During the heyday of overland travel, thousands of resting places popped up along what we now call the Silk Road. They were called caravanserais in Iran and Central Asia, sarays in India and han, khan or kervansarai in Turkey and the Middle East.
Many hundreds of them survived up until today. They serve as some of the finest examples of the architecture of the time, with sometimes spectacular brickwork. Some have been restored and are in use as hotels, teahouses or bazaars. Others are left to languish in the desert.
Here are, in our mind, some of the finest examples.
The textile museum in Meybod, Iran offers an interesting peek into the history of woven fabrics in a magnificent setting.
A detail from the roof of the museum.
Tash Rabat in Kyrgyzstan, an imposing fortress in a desolate setting.
Tash Rabat seen from a distance.
In Shaki, Azerbaijan, lies this beautifully restored caravanserai.
A scary, underground caravanserai in Selim, Armenia, near lake Sevan.
The caravanserai of Zein-O-Din has become a hotel once more.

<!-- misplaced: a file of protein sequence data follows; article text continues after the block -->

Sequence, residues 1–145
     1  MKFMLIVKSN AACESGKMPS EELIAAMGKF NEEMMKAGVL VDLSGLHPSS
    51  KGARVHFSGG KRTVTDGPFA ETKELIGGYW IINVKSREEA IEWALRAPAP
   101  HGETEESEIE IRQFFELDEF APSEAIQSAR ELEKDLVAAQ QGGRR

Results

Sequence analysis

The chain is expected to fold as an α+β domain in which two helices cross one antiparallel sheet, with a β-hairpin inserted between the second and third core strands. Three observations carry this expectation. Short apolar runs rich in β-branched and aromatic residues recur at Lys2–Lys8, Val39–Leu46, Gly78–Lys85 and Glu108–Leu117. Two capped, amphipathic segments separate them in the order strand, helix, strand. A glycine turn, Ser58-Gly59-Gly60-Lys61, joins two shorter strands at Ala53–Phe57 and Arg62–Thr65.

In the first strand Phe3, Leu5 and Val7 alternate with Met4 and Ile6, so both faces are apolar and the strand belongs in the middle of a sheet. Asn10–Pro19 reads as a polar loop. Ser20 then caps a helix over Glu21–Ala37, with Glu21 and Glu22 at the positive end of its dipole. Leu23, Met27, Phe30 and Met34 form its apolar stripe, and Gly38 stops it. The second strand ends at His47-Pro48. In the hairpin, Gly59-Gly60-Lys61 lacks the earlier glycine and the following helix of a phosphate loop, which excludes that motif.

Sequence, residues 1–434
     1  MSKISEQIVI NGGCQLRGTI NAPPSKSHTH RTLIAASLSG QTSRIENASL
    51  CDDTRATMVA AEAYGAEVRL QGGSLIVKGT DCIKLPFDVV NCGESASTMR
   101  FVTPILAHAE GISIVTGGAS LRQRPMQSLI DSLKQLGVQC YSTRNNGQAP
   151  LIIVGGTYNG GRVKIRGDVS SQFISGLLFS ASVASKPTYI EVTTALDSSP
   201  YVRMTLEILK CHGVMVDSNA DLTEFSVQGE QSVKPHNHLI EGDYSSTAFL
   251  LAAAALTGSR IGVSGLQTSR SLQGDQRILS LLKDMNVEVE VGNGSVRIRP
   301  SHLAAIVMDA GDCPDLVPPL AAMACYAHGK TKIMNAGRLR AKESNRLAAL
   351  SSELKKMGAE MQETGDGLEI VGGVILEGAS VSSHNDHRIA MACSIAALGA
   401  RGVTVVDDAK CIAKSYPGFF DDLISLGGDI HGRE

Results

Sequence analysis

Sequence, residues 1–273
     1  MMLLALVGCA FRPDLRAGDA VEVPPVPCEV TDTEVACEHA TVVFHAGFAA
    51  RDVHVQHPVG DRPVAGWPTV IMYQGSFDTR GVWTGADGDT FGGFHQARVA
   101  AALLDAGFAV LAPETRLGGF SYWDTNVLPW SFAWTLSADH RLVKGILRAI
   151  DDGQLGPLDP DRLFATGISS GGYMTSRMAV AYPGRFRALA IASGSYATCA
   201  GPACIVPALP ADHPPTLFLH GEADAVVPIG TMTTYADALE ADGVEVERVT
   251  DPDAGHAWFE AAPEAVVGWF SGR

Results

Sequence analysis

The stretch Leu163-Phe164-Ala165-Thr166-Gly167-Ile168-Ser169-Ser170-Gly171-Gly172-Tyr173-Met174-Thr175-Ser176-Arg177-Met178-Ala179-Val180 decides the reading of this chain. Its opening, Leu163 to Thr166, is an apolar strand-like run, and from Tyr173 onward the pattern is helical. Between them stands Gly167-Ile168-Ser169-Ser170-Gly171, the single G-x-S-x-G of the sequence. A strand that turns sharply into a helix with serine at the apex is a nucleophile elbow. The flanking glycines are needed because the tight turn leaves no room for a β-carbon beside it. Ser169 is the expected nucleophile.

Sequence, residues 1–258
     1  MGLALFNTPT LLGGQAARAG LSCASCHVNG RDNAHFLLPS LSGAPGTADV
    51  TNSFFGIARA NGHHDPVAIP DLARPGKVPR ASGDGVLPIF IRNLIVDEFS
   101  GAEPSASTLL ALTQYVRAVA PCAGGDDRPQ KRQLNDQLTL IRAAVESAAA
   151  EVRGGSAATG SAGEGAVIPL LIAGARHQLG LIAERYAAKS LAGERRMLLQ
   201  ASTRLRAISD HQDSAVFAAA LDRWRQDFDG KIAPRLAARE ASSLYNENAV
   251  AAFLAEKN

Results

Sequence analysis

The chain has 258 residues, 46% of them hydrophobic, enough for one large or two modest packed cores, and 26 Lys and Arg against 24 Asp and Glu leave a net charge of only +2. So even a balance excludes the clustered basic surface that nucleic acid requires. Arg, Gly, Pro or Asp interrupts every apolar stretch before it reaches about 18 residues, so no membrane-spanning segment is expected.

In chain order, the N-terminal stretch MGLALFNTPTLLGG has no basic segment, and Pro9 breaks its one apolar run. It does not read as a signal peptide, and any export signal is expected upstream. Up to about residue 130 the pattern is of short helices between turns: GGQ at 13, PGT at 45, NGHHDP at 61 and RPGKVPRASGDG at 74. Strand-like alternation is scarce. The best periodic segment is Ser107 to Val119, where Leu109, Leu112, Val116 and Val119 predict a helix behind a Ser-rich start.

Outside it’s lovely too.
Rabati Malik in Uzbekistan has been abandoned for a long time, but has made it onto the Unesco heritage list, and thus will live on for some time. Other caravanserais we will never see again, or are in the process of being destroyed right now.
The mud-walled city of Bam, Iran was flattened by a devastating earthquake in 2003. This sight no one will ever see again.
The As’Ad Pascha khan in Damascus, Syria, was returned in 1990 to its full glory. We don’t know what will be left when the destruction of the civil war finally ends.
The urban caravanserai of Sa’d al-Saltaneh in Qazvin is still standing, in the heart of Qazvin, near Tehran. To all policy makers: please don’t bomb it!
One more thing: don’t be like us when you’re trying to be smart. When commenting on architecture, note that while in most Turkish languages saray means palace, in Russian it means shed. So just watch out.